a-z tech jargon
Technology Planning and Analysis

The real meaning of… Futurology

Futurology – that’s the racket you really want to get into if you can. The money is huge and the risks are minimal. You can predict what you like in the IT industry and nobody will remember what you said next week, let alone in five years’ time. By that stage you’ll have spent the money and moved on to cheerlead some other half-baked, fanciful nonsense.

Don’t worry that your market forecasts are ludicrous, wildly inaccurate and subsequently worthless. Even if your critics were legally entitled to claim their money back over it, they wouldn’t have any joy. Ask anybody in this game: nobody will have any legal redress on their wrong advice, unless they can build a time machine and go back and cancel the original purchase order. (Don’t laugh, one well known futurologist, for a large telecoms company, actually gave a deadline for time travel once.)

With no constraints, Futurologists are forced to compete by making the most dramatic predictions on the analysis market. You know the type of thing: by 2050, 70 per cent of the population will be living in cities and competing for space, air and water. This will create the perfect conditions for Famine, Pestilence, Plague and War. That’s the threat. Now, here’s the opportunity: If the Four Horsemen of the Apocalypse do appear, they will be automatically detected and dealt with by one of 55.5 trillion devices on the Internet of Things.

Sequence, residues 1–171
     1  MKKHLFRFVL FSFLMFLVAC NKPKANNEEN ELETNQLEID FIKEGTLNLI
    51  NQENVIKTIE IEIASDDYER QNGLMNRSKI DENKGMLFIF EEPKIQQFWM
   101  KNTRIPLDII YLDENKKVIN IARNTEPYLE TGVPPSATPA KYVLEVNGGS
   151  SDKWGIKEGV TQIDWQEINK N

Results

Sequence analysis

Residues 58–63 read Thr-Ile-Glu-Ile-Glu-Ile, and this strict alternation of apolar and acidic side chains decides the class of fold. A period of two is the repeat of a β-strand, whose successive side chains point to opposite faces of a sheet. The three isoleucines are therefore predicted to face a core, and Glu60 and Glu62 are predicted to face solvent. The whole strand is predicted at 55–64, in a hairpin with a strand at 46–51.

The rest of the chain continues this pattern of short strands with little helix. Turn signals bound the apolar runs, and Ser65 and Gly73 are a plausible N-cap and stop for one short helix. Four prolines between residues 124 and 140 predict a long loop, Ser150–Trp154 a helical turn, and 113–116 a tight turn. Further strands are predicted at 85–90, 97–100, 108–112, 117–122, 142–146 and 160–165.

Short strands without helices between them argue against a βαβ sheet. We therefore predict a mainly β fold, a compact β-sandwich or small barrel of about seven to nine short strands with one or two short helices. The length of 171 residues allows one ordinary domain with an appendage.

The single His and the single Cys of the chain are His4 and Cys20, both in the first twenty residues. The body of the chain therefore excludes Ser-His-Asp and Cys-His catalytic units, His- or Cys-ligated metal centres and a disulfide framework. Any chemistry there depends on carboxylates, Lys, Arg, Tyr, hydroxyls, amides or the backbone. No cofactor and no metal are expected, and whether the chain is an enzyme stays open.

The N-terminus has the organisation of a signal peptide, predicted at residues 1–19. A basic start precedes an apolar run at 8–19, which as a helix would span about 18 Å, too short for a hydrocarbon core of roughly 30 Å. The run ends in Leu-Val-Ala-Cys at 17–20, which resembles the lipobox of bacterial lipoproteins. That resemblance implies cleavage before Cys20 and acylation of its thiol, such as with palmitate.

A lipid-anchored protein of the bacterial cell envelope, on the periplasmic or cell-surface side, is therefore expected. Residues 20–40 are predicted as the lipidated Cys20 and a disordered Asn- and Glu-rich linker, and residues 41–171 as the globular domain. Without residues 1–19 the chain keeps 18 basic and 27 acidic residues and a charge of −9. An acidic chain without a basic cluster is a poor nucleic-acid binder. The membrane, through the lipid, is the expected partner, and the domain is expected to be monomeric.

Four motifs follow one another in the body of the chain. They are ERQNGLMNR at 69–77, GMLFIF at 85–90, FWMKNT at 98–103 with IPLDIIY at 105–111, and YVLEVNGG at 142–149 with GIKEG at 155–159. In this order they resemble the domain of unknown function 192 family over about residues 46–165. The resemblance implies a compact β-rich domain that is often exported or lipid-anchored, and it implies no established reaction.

But which vendor’s devices will be capturing the data? You’ll have to read the new report, coming out next week, by The Hambleton Group, Britain’s world leading futurologist. Terms and conditions apply. No refunds given to time travellers.

 

Read also:

The real meaning of… ‘As A Service’

The real meaning of… Bitcoin

The real meaning of… ChatBots

The real meaning of Disruptive Technology

The real meaning of… the e-prefix

PREVIOUS ARTICLE

« Job fears see Brits proactively upskill online

NEXT ARTICLE

Data expert sees narrow 'Remain' vote in UK's Brexit poll »
Nick Booth

Nick Booth worked in IT in the UK’s National Health Service, financial services and The Met Police, witnessing at first hand the disruptive effects of new technology. As a journalist and analyst, his mission is to stop history repeating itself.

  • Mail

Poll

Do you think your smartphone is making you a workaholic?